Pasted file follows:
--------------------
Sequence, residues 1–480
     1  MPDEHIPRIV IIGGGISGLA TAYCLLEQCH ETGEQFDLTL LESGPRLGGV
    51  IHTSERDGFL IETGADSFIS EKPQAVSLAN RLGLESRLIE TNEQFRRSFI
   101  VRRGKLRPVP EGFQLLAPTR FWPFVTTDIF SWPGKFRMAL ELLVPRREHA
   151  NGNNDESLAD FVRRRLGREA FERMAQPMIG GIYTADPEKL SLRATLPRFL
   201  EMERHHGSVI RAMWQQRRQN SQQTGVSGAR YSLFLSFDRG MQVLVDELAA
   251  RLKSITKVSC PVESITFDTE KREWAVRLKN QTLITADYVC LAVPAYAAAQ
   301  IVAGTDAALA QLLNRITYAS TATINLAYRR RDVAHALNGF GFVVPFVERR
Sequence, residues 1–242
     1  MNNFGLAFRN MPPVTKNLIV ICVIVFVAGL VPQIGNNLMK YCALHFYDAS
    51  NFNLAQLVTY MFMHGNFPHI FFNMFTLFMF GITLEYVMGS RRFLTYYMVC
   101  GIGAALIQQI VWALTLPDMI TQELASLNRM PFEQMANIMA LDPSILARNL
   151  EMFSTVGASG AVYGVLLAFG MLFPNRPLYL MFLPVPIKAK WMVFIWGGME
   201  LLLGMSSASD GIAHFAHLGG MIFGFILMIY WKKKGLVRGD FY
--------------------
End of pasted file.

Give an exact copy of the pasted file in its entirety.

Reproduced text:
Sequence, residues 1–480
     1  MPDEHIPRIV IIGGGISGLA TAYCLLEQCH ETGEQFDLTL LESGPRLGGV
    51  IHTSERDGFL IETGADSFIS EKPQAVSLAN RLGLESRLIE TNEQFRRSFI
   101  VRRGKLRPVP EGFQLLAPTR FWPFVTTDIF SWPGKFRMAL ELLVPRREHA
   151  NGNNDESLAD FVRRRLGREA FERMAQPMIG GIYTADPEKL SLRATLPRFL
   201  EMERHHGSVI RAMWQQRRQN SQQTGVSGAR YSLFLSFDRG MQVLVDELAA
   251  RLKSITKVSC PVESITFDTE KREWAVRLKN QTLITADYVC LAVPAYAAAQ
   301  IVAGTDAALA QLLNRITYAS TATINLAYRR RDVAHALNGF GFVVPFVERR
Sequence, residues 1–242
     1  MNNFGLAFRN MPPVTKNLIV ICVIVFVAGL VPQIGNNLMK YCALHFYDAS
    51  NFNLAQLVTY MFMHGNFPHI FFNMFTLFMF GITLEYVMGS RRFLTYYMVC
   101  GIGAALIQQI VWALTLPDMI TQELASLNRM PFEQMANIMA LDPSILARNL
   151  EMFSTVGASG AVYGVLLAFG MLFPNRPLYL MFLPVPIKAK WMVFIWGGME
   201  LLLGMSSASD GIAHFAHLGG MIFGFILMIY WKKKGLVRGD FY